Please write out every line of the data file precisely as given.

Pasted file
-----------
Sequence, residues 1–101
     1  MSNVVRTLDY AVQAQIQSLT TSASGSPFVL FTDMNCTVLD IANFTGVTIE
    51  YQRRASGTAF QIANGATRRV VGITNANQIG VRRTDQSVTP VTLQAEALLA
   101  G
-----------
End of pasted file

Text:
Sequence, residues 1–101
     1  MSNVVRTLDY AVQAQIQSLT TSASGSPFVL FTDMNCTVLD IANFTGVTIE
    51  YQRRASGTAF QIANGATRRV VGITNANQIG VRRTDQSVTP VTLQAEALLA
   101  G